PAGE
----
First of all, they cannot claim that their foundational cause is fighting discrimination because they do not fight discrimination without prejudice—they fight it extremely selectively. We only care about discrimination when it’s perpetrated by a white person against a black person, or a man against a women, for example. We do not care when it’s the other way around. Nor do we fight militantly against the many other kinds of discrimination that exist, aside from the racial variety—such as discrimination based on political affiliation (illustrated by the Google lawsuit) or geographical discrimination (illustrated by the contempt openly shown by “erudite” city dwellers, such as Hilary Clinton, towards “hick” or “simple-minded” rural civilians—during the Brexit vote and US presidential elections). If this were about discrimination, we would criticise homophobic Islamic and Judeo-Christian doctrines with the same fervour directed (undeservedly) at the likes of Ben Shapiro. But we do not. Homophobia and transphobia are bad… unless they’re being exhibited by a muslim (or some other member of a “protected” minority group). The whole thing is utterly incoherent.

Secondly, social justice warriors (SJWs) cannot claim to be fighting for gender parity because they fight that problem extremely selectively too. We don’t fight every gender disparity—such as the fact that female nurses outnumber male nurses, or that the most dangerous jobs are most likely to be undertaken by men (almost all workplace fatalities involve men). In fact, men have been typically considered the more disposable sex throughout history—from being most likely to be sent to war, to being most likely to be sent to fight predators (in our hunter-gatherer days). Till today, men (on average) still die much younger than women do. If we’re happy to claim that women have been reduced to their sexual value (at the cost of their humanity), we can claim that men have been reduced to their physical value (at the cost of their life expectancy). These statements only reveal the ridiculousness of making sweeping generalisations based on such limited data points. I don’t see anyone campaigning for women to undertake more dangerous jobs so that men don’t have to die while trying to make a living. Would that not be a good cause to champion? And we don’t even care to prove gender-based discrimination before we launch selective attempts at achieving gender parity (for example, the existence of the lifetime earnings gap has not been proven to be due to gender-based discrimination). This means many of our so-called initiatives to “empower women” may not, substantively, be about gender parity at all since they might be (inadvertently) pressuring women to do things they don’t want to.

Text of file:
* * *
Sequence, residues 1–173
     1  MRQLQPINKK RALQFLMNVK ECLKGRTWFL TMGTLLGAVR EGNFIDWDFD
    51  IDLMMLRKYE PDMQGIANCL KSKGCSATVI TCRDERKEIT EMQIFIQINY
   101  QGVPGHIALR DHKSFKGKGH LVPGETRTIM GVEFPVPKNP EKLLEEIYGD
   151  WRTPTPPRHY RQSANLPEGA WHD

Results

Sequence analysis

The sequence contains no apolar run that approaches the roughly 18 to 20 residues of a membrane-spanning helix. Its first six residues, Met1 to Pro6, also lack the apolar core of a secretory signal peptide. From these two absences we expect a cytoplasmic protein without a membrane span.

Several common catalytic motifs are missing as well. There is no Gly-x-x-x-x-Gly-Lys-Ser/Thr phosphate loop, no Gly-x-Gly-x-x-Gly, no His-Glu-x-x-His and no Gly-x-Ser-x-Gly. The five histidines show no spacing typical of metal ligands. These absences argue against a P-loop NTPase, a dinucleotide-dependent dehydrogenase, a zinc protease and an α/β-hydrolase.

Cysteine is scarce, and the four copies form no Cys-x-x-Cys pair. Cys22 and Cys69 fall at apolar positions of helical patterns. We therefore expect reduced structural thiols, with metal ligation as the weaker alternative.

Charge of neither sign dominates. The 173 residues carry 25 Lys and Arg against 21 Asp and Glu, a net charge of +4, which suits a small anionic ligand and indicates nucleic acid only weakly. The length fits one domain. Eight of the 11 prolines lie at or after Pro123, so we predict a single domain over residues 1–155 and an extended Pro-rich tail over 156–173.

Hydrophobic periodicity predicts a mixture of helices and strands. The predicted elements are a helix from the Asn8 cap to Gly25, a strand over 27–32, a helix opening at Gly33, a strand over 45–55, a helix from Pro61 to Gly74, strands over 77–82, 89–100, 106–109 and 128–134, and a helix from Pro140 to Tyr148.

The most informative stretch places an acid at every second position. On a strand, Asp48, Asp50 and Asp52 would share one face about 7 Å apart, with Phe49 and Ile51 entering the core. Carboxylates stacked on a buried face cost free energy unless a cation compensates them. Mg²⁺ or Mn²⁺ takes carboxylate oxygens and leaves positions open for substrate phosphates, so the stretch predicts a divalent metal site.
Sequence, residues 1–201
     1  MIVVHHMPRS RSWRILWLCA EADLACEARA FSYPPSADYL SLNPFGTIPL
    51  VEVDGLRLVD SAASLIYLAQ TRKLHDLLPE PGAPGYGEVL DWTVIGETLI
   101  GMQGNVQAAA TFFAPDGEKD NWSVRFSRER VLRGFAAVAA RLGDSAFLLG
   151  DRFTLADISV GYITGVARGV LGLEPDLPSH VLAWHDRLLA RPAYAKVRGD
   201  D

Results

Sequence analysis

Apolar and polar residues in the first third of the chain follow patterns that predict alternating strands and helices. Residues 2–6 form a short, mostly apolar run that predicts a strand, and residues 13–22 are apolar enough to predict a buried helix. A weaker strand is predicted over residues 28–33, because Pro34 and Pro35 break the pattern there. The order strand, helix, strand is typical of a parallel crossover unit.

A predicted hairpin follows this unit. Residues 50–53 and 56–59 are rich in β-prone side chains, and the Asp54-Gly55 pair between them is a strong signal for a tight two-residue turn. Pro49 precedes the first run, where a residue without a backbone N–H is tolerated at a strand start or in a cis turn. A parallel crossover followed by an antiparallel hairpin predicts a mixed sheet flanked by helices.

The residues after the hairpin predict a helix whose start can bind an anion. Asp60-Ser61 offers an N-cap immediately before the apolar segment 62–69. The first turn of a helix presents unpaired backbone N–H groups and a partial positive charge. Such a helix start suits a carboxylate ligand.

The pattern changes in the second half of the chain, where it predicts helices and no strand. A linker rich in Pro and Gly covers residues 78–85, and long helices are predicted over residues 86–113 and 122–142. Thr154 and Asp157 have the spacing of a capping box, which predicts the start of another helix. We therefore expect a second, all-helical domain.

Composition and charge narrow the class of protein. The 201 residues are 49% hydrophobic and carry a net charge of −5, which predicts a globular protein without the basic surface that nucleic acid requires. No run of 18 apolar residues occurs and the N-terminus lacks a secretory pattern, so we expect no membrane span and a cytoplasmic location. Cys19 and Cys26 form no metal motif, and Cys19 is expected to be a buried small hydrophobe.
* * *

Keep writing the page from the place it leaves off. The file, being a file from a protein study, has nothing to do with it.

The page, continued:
Thirdly, SJWs cannot claim that these social justice battles are about unequal access to wealth because… (well, you guessed it) they fight that battle selectively too. We always pit the white household against the black household, and use this dichotomy as (questionable) proof of the fact that Western European caucasians have constructed a system designed to put them (and only them) at the top. How then do we explain the fact that Asian-American households earn (on average) more than white ones? How do we explain the chart-topping wealth of Jewish families, if everything in Western societies is designed to be discriminatory against minorities and deepen oppression? Why do lesbians earn more than straight women—and why do we not care? What kind of heteronormative, white male supremacy-based system forgets to put straight white men at the top? And why do we not assume that Asians and Jews have been so successful only by virtue of unfair exploitation? I know! Hitler used that argument—remember how that went? Now, people who claim to be against everything for which Hitler stood use the same race-based argument against white men (without a hint of irony).